If this were simply a question of respecting Islam, I would think the image should stand given its encyclopedic value. However, note that the al-Birani image is clearly not of Mohammed -- it was drawn 500 years after Mohammed's death. Strictly from a perspective of ensuring that WP contains accurate content, it should be removed.

In some cases, it would be appropriate to include a non-accurate likeness if there is a standard iconography that is historically significant. Historical figures, from Jesus to Augustus Caesar have been the recipients of iconic traditions that, while not realistic, do merit inclusion in an encyclopedia.

However, there has never been a standard iconography of Mohammed in any tradition and you cannot make the argument that, even with examples of scattered representations within the Islamic world, those representations are integral or even relevant to an encyclopedic understanding of Mohammed.Francisx 16:54, 23 February 2007 (UTC)

From WP:V: "The threshold for inclusion in Wikipedia is verifiability, not truth. "Verifiable" in this context means that any reader should be able to check that material added to Wikipedia has already been published by a reliable source."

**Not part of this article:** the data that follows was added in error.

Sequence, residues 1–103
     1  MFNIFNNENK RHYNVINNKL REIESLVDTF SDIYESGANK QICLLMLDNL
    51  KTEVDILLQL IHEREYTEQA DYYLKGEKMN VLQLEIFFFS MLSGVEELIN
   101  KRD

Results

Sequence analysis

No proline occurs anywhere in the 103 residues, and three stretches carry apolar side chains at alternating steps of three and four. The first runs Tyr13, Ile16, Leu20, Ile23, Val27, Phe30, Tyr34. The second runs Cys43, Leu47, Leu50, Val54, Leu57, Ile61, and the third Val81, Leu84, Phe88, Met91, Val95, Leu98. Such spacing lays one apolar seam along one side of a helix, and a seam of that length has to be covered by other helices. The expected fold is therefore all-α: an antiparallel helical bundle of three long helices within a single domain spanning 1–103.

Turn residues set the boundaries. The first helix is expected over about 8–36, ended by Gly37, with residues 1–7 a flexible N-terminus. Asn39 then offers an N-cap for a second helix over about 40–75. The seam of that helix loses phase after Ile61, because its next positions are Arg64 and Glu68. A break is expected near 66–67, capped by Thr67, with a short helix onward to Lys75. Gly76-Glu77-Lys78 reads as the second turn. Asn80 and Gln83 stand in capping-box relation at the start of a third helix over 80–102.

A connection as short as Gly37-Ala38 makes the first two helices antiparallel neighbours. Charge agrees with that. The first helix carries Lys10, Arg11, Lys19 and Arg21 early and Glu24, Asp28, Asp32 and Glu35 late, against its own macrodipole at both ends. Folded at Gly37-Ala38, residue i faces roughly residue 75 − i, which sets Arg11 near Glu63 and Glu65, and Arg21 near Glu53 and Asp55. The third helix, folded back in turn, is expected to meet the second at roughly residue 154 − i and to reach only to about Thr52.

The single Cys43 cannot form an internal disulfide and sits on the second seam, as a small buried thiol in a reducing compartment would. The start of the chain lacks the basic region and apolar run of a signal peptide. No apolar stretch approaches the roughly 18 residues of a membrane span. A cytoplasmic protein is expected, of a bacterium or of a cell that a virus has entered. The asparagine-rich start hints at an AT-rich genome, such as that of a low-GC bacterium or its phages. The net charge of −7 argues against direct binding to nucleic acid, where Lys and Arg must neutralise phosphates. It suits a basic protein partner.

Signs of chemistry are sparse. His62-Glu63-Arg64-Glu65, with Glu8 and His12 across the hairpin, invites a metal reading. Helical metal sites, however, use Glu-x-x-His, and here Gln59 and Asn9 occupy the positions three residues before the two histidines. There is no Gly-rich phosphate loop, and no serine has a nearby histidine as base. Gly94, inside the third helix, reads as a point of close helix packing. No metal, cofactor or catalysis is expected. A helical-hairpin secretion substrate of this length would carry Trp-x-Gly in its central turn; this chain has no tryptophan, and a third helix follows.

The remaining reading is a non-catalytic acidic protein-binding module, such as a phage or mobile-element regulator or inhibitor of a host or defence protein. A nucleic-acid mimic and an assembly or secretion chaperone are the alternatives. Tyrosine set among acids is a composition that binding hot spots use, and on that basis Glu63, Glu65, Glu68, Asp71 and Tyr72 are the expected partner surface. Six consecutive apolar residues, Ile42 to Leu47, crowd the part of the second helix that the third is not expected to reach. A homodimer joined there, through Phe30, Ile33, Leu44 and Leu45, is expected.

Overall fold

Encyclopedia's are not supposed to find truth, but to reflect verifiable data. A reliable source says it is a depiction of him, so we can call it such. If you find a citation saying the image is not accurate, we can include that information in the caption. HighInBC (Need help? Ask me) 16:59, 23 February 2007 (UTC)
From WP:Image: "Images must be relevant to the article they appear in and be of sufficient notability (relative to the article's topic)." I don't see how this image is of sufficient notability, given its non-standard, anachronistic representation of Mohammad. If you wanted to feature this image prominently in an article on historical representations of Mohammad in art (I'm not sure if such an article already exists), that would be appropriate. However, the image itself is clearly non-notable per a biography of Mohammad himself.--Francisx 17:12, 23 February 2007 (UTC)